Legacy-Building Time For Olmert


With the release this week of a detailed Palestinian peace proposal dealing with borders, refugees and security, Israeli Prime Minister Ehud Olmert is seen by observers as trying to burnish his tarred legacy.

“He wants to put his fingerprints on the map of the Middle East to show he did something in addition to all of the corruption he is connected with,” said Mordechai Kedar of the Begin-Sadat Center for Strategic Studies.

He added that Olmert, who has pledged to resign once the winner of next month’s Kadima Party assembles a new government, “wants to show that he has some kind of agenda; a vision of the future. … He’s a dying horse who wants to leave some tracks so that after
he goes everyone has to agree to what he agreed upon with the Palestinians.”
The proposal—which would be a “shelf agreement” that would only be implemented when conditions were right—calls for the annexation of West Bank settlement blocs in exchange for land in the Negev; a connection between the West Bank and Gaza Strip; a demilitarized Palestinian state, and the resettlement of the majority of Palestinian refugees in that state.

Yoel Hasson, chairman of Kadima’s coalition in the Knessset, said here Tuesday that he was unaware the peace proposal had been published. After an address to a business group at 5W Public Relations, Hasson said Olmert “probably wanted to see the fruits of his [peace] efforts” publicized.

But he added that before any agreement is completed, “I think they should wait to see what the political map of Israel will look like after the election in Kadima. … This is a time when people can continue [peace] talks, but I don’t think anything serious will come from it. I’m not so sure we can even achieve a shelf agreement” by the end of the year.

Yossi Alpher, a political analyst and co-editor of the Israeli-Palestinian Web site bitterlemons.org, said the proposal appeared to be a one-sided Israeli presentation after months of Israeli-Palestinian talks and that it may have been leaked as a “trial balloon” to gauge Israeli and Palestinian response.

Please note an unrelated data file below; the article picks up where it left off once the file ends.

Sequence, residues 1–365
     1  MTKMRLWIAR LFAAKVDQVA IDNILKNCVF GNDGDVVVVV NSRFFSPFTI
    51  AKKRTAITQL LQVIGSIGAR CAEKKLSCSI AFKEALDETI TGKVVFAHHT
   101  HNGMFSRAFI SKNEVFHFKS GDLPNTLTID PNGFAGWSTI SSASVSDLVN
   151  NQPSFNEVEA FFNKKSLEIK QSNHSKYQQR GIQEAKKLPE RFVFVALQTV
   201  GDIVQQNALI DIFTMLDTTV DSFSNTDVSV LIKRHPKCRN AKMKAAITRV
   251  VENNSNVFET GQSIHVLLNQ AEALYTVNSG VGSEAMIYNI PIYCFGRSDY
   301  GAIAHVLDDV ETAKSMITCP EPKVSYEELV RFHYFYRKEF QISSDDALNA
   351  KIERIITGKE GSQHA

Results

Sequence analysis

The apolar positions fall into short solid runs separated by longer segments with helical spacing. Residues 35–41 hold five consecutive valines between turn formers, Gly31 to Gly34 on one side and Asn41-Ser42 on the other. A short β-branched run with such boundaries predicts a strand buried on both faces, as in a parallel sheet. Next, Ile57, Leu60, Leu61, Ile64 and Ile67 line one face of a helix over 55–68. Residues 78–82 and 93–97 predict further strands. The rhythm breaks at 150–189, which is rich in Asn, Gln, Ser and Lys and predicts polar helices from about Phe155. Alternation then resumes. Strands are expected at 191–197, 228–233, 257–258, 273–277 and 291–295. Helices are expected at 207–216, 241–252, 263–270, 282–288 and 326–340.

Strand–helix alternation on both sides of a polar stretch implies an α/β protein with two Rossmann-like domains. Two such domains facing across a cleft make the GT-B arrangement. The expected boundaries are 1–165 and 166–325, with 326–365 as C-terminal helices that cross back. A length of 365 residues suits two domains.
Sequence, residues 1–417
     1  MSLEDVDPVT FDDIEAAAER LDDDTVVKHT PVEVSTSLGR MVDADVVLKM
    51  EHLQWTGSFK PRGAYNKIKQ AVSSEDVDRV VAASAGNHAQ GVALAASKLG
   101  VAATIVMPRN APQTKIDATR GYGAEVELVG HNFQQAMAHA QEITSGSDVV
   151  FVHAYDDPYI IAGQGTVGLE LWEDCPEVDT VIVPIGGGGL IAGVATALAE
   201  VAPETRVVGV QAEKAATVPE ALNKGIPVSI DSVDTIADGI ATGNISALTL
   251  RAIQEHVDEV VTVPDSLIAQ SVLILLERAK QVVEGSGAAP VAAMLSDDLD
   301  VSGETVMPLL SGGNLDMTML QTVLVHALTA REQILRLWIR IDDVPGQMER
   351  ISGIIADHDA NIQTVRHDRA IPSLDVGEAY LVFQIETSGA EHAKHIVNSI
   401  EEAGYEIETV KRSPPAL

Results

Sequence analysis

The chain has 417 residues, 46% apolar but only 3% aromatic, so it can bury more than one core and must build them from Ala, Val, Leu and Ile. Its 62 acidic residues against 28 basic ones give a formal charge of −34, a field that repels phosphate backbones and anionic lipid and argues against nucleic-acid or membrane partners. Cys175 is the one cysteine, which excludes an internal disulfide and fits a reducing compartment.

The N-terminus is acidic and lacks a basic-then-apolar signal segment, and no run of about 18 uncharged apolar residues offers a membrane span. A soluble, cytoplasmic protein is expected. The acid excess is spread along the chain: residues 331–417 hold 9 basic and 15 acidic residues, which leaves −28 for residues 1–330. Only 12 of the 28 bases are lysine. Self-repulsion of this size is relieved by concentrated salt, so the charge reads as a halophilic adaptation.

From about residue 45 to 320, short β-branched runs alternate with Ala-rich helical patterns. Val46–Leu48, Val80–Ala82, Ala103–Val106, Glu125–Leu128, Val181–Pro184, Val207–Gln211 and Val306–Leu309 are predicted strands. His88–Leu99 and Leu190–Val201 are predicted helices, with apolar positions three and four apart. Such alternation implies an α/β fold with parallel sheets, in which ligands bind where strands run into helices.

“It may be the basis for future negotiations but we have no indication of the gap” between the two sides on the key issues, he said.

Gershon Baskin, co-CEO of the Israel-Palestine Center for Research and Information in Jerusalem, wrote that although the proposal specifically did not deal with Jerusalem’s status because of internal domestic politics, “it is quite clear to me that the negotiators have been discussing Jerusalem.”

Secretary of State Condoleezza Rice is expected to visit Israel next week and to again press both sides to publish the agreements reached to date. Haaretz, the Israeli newspaper that first published the proposal, said Olmert is against that because it could serve as a point of reference in future negotiations. Baskin said such a document could “expose the fact that Jerusalem has also been discussed.”

He went on to write that “significant progress has been made … [and] an agreement is possible; the gaps have been significantly narrowed. There is now a need for a credible third party mediator to step in with bridging proposals to close the deal ….”

Alpher said that although Baskin has some Israeli and Palestinian contacts, he is a “hardcore optimist.” He said he has tried in the past and failed to substantiate Baskin’s belief that a peace agreement is possible. He also questioned why Olmert or his aides would release the proposal now since any agreement would reflect well on Foreign Minister Tzipi Livni, the frontrunner in the Kadima primary with whom Olmert does not get along.

Another possibility, said Alpher, is that Olmert will try to prevent the new Kadima leader from forming a new government, thereby keeping him in office until the next general election in March.

“Olmert is a cool character and this would give him lots of time to reach an agreement with the Palestinians and maybe even Syria,” he said.

Gerald Steinberg, chairman of the Political Studies Department at Bar-Ilan University, said he too would not count Olmert out. He noted that on the eve of Rice’s visit it “makes sense to want to show progress” in the peace talks.

“Even the Palestinian statement [following the proposal’s release] that Israel hasn’t given enough shows progress,” he said. “Since Olmert has been prime minister he has always created options and then decided what to do. He has created another option by saying here is a [peace] plan.”

Should Livni win the party primary and assemble a coalition government, she could devote her attention as prime minister to completing the peace deal so she would have something to show in the next general election. She is expected to run against Ehud Barak of the Labor Party and rightwing Likud leader Benjamin Netanyahu.

Steinberg said Barak would run as Mr. Security and “her only card would be that Barak tried and failed to negotiate a peace treaty and that she negotiated one successfully.” But he cautioned that even if a treaty is hammered out, the “realities on the ground” don’t bode well for implementation any time soon.